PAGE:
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A Typology of Tennis Shots

Part I: Groundstrokes


In designing this typology, my most important choice was the basis for groupings. Choosing the way the ball is struck had a profound effect on the result. For example, return of serve, a vitally important shot, does not even appear. A typology based upon purpose or placement would have been quite different.

Most of the names given below are widely recognized. Where this is not the case, I have marked the name with an asterisk. I'd be interested to know what other names these shots might have acquired. Please let me know in our tennis forum.

Note that all of the definitions assume a right-handed player, and the directions of bounces and curves are from the perspective of the player who produced the shot.

GROUNDSTROKES - forehands and backhands hit after the ball bounces, but not with an overhead motion. This category includes several shots often classified as SPECIALTY SHOTS. These are denoted with this marker: (SS).

    Flat - hit without spin.

      drive - hit hard and fairly low.

      lob - hit high and preferably deep.

      dump (SS) - hit very short, usually just tapped over from a contact point above the net.

    Topspin - hit by brushing up the back of the ball.

      drive - hit hard and relatively low, but has more margin of clearance than flat.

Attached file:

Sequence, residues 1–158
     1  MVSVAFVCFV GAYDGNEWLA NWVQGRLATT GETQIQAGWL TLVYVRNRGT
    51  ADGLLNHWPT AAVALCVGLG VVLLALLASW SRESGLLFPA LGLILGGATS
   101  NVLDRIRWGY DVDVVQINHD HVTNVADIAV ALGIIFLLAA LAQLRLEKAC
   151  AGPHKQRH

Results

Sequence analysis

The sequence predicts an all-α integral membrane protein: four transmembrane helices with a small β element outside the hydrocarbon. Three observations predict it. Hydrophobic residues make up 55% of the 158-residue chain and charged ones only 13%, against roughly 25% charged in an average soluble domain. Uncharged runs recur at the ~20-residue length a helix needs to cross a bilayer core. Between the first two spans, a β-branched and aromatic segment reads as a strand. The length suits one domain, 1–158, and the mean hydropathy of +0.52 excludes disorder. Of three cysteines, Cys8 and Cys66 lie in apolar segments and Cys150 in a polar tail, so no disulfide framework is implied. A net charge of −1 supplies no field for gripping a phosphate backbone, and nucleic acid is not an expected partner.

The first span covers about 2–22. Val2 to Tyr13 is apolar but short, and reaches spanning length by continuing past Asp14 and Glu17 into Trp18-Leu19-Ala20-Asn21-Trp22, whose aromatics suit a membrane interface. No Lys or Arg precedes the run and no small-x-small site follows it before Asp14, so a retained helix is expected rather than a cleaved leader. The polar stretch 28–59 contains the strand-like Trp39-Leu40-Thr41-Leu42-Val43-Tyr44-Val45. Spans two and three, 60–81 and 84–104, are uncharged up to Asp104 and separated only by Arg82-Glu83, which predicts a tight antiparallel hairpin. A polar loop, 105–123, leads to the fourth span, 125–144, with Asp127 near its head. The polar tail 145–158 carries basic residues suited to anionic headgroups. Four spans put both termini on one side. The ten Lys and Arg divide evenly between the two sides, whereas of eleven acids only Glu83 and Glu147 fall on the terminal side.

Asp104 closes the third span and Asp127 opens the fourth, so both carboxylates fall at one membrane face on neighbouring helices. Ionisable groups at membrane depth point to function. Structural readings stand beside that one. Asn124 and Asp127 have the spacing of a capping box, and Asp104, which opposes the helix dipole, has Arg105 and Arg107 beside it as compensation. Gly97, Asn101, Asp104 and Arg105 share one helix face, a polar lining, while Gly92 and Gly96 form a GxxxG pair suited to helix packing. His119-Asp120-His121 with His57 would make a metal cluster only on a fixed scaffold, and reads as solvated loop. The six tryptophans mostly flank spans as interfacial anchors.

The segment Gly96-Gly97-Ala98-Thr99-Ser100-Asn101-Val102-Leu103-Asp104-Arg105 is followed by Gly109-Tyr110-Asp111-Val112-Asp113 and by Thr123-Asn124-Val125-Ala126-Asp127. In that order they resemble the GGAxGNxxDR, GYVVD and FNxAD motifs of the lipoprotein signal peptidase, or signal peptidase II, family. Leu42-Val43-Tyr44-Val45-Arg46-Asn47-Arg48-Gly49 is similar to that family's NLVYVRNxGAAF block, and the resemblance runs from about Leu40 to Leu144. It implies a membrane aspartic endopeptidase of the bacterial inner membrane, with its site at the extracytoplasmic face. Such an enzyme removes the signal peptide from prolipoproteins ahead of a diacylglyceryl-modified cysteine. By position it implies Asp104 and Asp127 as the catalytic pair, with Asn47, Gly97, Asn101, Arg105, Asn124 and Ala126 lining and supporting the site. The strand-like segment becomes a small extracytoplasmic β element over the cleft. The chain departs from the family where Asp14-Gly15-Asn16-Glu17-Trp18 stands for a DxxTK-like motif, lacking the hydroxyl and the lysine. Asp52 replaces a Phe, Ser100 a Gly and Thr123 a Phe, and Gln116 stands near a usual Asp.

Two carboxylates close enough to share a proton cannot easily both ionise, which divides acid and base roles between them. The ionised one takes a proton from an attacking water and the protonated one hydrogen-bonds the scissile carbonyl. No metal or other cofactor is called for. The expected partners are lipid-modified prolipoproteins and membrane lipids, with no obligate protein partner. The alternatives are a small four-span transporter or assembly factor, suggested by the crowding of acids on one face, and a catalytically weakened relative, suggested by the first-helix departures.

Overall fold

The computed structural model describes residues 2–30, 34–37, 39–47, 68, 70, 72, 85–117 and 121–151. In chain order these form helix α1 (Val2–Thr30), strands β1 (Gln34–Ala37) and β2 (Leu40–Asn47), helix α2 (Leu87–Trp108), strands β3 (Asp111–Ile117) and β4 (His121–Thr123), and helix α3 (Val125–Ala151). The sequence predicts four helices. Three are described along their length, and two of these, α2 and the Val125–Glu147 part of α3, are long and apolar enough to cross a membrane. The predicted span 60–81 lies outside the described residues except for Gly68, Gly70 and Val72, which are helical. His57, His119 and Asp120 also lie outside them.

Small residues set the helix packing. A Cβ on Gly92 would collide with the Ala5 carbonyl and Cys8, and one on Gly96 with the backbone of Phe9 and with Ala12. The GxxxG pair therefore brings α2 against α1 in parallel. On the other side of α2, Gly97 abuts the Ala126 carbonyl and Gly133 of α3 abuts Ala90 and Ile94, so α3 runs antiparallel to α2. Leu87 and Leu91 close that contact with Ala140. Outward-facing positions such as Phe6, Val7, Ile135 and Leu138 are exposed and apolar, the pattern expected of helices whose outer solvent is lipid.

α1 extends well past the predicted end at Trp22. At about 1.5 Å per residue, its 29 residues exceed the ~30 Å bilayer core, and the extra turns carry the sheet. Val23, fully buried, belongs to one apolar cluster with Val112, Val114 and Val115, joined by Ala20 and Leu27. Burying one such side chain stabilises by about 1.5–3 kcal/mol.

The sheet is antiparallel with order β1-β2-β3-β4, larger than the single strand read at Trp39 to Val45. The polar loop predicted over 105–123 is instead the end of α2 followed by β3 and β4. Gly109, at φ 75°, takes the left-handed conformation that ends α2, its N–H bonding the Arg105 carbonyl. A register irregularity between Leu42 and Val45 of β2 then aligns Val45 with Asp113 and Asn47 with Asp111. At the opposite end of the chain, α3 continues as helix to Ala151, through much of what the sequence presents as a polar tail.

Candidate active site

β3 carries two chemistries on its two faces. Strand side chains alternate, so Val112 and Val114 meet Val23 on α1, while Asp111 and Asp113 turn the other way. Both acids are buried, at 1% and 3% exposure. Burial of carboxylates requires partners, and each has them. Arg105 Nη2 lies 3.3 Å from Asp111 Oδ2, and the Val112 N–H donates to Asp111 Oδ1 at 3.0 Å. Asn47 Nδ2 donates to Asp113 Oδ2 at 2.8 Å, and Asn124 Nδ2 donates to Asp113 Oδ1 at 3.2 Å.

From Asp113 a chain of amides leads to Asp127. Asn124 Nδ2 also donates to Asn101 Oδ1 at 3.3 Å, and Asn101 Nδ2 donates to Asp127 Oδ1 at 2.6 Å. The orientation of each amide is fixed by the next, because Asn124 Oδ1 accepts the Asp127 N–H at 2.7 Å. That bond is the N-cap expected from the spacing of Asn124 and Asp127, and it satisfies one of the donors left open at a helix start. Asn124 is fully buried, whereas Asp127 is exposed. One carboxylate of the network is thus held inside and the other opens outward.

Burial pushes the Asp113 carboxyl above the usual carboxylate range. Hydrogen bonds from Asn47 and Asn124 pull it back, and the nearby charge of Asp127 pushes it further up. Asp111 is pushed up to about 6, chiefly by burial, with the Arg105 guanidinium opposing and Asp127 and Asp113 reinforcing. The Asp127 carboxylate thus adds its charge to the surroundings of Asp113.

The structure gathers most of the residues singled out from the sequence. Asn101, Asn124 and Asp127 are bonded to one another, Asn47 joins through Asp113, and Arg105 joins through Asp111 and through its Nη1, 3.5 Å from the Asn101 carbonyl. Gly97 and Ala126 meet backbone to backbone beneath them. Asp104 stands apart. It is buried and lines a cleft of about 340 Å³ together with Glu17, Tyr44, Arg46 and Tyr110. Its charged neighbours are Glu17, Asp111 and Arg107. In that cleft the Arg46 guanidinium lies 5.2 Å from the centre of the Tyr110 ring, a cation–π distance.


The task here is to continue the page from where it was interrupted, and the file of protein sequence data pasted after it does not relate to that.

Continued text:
lob (SS) - compared to flat lob: has lower trajectory, more difficult to execute, and much more difficult to chase down.

      buggywhip (SS) - a forehand hit with heavy topspin and the follow-through on the same side as the hitting arm. The classic buggywhip was hit from well inside the baseline at an extreme angle, but the term has broadened to apply to all shots hit with this swing path.

      dipper* - hit fairly low, using topspin to make ball land near incoming net attacker's feet.

      hook - hit with some sidespin. primarily used to curve the ball around the net attacker.

    Slice - commonly synonymous with backspin, hit by brushing down the back of the ball, but see true slice below.

      drive - hit fairly hard; lower than flat and much lower than topspin.

      lob (SS) - used less frequently than flat or topspin; hangs in the air longer than other lobs of equal height.

      drop shot (SS) - hit very short; backspin adds to effective shortness by keeping the ball from bouncing forward.

      sliced approach - hit especially low as the hitter moves toward the net; designed to force opponent to hit up.

      chip - sometimes synonymous with sliced approach, but often hit with less forward drive; also used to make ball land softly at incoming net-attacker's feet.

      chop - a more defensive, downward cut at the ball.

      squash shot* - a wristy, stretching chop used to retrieve balls otherwise out of reach.

      true slice* - hit by brushing underneath the ball and sharply left-to-right on backhands or right-to-left on forehands.

    Half volley (SS) - hit just as the ball is coming up from its bounce, usually with a short forward swing that produces natural backspin because the ball brushes up on the string bed.
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